The early tractor makers were not usually specialists in making agricultural implements or machines. Conversely, the Scottish agricultural and implement makers were not tractor makers (though Wallace (Implements) Ltd was the exception).
The recognition of the need to bring together the making of tractors and implements suited to them was an important step forward in agricultural engineering. By the 1950s we see trade directories which record ploughs suited for particular makes of tractors. For example ploughs of William Begg & Sons, Tarbolton, Ayrshire, were suitable for Ferguson tractors, Ploughs made by Cruikshank & Co., Denny, were suited for Ferguson and David Brown tractors while other models suited Fordson Major and Nuffield tractors.
One of the English tractor makers to closely associated tractors and implements, and to develop and produce a wide range of implements and machines was Herry Ferguson Ltd, Coventry. Ferguson had immense foresight to recognise tractor and implements and machines as a work unit.
Ferguson developed an impressive range of implements and machines to fit the TE20, FE35 and 65 tractors. He also issued manuals to state which implements could be used without modification, those which required modification and those that could not be interchanged between tractors.
In 1945, for example, under the Ford-Ferguson tractors, implements for the tractors included a weeder, sweep rake, Lister planter, rear mounted mower, disc plough, blade terrace, spring tooth harrows, semi-mounted tandem, trailed disc harrow, 2 row drill planter, disc terrace, crop cultivator, middle buster, brush and bog harrow, disc terrace, soil scoop, and saw. Accessories included tire and pump gauge, belt pulley assembly, air cleaner extension stack, lighting kit, power take off attachment, and storm cover.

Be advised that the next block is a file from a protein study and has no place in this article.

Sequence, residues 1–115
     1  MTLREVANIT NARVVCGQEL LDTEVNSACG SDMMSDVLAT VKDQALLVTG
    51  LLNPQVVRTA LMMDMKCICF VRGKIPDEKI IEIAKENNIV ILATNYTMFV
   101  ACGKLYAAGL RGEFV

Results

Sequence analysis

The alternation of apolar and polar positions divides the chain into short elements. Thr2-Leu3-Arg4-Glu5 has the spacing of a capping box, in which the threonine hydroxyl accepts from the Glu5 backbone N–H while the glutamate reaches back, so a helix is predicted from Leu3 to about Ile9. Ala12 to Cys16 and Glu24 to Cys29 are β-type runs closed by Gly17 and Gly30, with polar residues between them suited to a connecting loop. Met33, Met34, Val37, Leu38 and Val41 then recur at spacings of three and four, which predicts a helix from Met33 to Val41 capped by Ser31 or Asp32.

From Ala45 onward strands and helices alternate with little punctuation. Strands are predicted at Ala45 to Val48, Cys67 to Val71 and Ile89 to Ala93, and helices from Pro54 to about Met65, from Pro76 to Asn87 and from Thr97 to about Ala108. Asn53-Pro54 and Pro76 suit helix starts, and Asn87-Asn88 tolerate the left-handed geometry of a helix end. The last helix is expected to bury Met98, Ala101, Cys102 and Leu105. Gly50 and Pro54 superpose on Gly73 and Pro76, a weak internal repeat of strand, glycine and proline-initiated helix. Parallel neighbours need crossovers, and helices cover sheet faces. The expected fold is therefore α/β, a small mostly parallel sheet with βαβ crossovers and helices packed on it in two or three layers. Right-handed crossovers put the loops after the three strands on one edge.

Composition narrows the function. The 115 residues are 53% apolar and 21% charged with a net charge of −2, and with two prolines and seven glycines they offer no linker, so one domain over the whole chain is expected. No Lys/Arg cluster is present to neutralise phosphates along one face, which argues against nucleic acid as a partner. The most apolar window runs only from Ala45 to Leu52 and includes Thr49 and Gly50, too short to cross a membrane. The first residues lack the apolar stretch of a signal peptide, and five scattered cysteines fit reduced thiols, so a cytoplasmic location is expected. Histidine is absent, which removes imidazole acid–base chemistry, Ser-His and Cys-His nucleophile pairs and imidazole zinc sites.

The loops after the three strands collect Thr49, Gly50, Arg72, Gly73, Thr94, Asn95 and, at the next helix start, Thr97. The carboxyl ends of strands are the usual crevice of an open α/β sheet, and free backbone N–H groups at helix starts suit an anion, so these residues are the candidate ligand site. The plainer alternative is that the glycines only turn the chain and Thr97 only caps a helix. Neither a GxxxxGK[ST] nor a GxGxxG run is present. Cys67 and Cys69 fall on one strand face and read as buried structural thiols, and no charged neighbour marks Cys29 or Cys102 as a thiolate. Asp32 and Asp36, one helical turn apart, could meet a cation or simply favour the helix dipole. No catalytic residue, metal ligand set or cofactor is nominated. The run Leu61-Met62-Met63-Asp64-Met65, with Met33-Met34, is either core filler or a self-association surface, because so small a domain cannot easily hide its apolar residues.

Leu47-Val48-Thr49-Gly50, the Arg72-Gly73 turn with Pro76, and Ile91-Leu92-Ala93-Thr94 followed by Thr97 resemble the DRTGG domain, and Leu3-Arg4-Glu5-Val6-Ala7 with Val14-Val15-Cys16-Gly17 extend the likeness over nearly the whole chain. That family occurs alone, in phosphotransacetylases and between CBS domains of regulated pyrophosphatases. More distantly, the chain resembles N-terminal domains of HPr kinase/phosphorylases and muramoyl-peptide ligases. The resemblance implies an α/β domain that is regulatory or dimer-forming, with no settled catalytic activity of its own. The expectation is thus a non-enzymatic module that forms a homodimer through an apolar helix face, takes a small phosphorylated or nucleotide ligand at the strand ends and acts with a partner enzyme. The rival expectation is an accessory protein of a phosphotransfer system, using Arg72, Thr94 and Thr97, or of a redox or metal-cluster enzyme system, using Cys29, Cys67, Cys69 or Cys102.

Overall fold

The implements for the Ferguson TE were even more extensive. They also included beet lifters, beet toppers, compressors, cranes, harrows, cultivators, disc harrows, disc ploughs, earth leveller and blade terrace, earth scoops, fertiliser spinners, hammer mills, hay rakes, hay sweeps, manure loaders, rear mounted mowers, ploughs, potato planters, seed drills … the list goes on much longer.
It really was a comprehensive farming system for the agriculturist. However, it must have had quite an impact on the Scottish and other implement and machine makers that were producing their own manufactures. If you had a Fergusn – why buy from another maker if the Ferguson name was equated with simplicity, efficiency and reliability?
That the Ferguson implements and machines were popular is evidenced by the large number of them that you can still see around the rally fields – and of course for the enthusiasm and memories which the “wee grey Fergie” conjure up.
The photographs were taken at the Strathnairn vintage rally, October 2017, and the Fife Vintage Machinery Rally, June 2017.